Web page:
The new Frick Environmental Center
Back in 2002, fire consumed the much-loved Frick Environmental Center, the learning space that welcomed families and park-goers at the Beechwood Boulevard entrance of Frick Park. This week, twelve years (almost to the day!) after that fire, the Pittsburgh Parks Conservancy, in collaboration with the City of Pittsburgh, brought in the hard hats to begin phase one of construction of the new Center.
The new Environmental Center, to occupy the very same footprint of the old, burnt Center, will be filled to the brim with the awesome spirit of learning that our education staff inspires in everyone who visits the park. Built on a foundation of community input, the design of the new Center works in tandem with its woody setting, incorporating state-of-the-art sustainability design to soften its impact on the land. The building will:
- Meet Living Building Challenge and LEED Platinum standards.
- Use 40% less energy than a typical building of its size in the northeast.
- Power all electrical systems via solar panels.
- Filter and treat all wastewater before releasing it naturally on site.
- Be constructed using materials that are produced locally (whenever possible) and safe for both humans and the environment.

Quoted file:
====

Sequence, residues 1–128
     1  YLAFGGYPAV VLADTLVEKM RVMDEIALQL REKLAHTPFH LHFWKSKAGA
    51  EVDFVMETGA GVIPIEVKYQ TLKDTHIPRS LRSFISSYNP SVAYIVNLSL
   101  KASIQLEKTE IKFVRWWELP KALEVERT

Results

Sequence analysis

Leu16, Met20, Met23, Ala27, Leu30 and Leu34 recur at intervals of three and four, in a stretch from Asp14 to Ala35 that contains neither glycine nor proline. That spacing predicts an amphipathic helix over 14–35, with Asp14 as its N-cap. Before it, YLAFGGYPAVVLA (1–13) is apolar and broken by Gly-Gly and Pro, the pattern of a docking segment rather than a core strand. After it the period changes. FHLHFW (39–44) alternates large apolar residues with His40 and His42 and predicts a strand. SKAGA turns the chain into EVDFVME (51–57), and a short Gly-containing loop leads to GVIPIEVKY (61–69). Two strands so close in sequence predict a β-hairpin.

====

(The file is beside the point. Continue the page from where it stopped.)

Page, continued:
We will be posting regular project updates on our website and marking any trail closures around the site as they happen. For general information on the project, we invite you to read our Frequently Asked Questions page and explore our website.
While we work on this exciting project, we will still be teaching hundreds of Pittsburgh-area kids about stream ecology, tree identification, and enjoying the parks. Join in by attending one of our upcoming Urban EcoSteward trainings!
Schenley Park green infrastructure
Since we last wrote about the bike lane installation in Schenley Park, the Beacon Street demonstration project has really started to pick up steam. After the recent installation of the meadow (establishing itself now), the next step, infiltration trenches, has begun.
The infiltration system that is being installed between Beacon and Bartlett will capture and hold rainwater longer than if that water was allowed to keep rolling downhill. During big rain events, the trenches will help to sop up and slowly percolate this water back into the surrounding meadow, lightening the burden on overworked sewers.
These improvements -- the meadow and trenches -- are part of the larger effort to restore the Panther Hollow Watershed in Schenley Park. By using soil and plant roots to naturally filter water, we are preventing pollutants from roadways and sewers from finding their way into our water system and helping to address the issue of combined sewer overflow.
Watch as this project moves along quickly this summer! We'll be posting regular updates of the Beacon/Bartlett site project on our website, as well as updates on greening the Bob O'Connor Golf Course greens, the next step in the Panther Hollow restoration.
Redevelopment of Cliffside Park continues this month as well. Stay tuned for updates on this project!
Members' support is crucial in park improvements like these. Consider a donation to the Frick Environmental Center!